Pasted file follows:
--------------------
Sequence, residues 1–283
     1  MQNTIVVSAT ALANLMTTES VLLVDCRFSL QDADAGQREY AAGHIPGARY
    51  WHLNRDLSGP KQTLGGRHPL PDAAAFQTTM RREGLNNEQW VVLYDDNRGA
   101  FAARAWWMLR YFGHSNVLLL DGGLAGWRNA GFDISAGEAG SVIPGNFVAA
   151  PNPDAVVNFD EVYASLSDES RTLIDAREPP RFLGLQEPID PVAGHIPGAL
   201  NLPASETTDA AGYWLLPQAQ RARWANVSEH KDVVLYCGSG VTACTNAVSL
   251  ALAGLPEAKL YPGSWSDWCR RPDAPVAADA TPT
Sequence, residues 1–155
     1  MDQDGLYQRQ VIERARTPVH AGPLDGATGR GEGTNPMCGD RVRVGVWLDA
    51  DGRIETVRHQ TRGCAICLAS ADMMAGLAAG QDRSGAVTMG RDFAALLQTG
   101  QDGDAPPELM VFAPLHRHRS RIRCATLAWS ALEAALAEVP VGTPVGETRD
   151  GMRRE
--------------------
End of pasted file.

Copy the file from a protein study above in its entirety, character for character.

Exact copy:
Sequence, residues 1–283
     1  MQNTIVVSAT ALANLMTTES VLLVDCRFSL QDADAGQREY AAGHIPGARY
    51  WHLNRDLSGP KQTLGGRHPL PDAAAFQTTM RREGLNNEQW VVLYDDNRGA
   101  FAARAWWMLR YFGHSNVLLL DGGLAGWRNA GFDISAGEAG SVIPGNFVAA
   151  PNPDAVVNFD EVYASLSDES RTLIDAREPP RFLGLQEPID PVAGHIPGAL
   201  NLPASETTDA AGYWLLPQAQ RARWANVSEH KDVVLYCGSG VTACTNAVSL
   251  ALAGLPEAKL YPGSWSDWCR RPDAPVAADA TPT
Sequence, residues 1–155
     1  MDQDGLYQRQ VIERARTPVH AGPLDGATGR GEGTNPMCGD RVRVGVWLDA
    51  DGRIETVRHQ TRGCAICLAS ADMMAGLAAG QDRSGAVTMG RDFAALLQTG
   101  QDGDAPPELM VFAPLHRHRS RIRCATLAWS ALEAALAEVP VGTPVGETRD
   151  GMRRE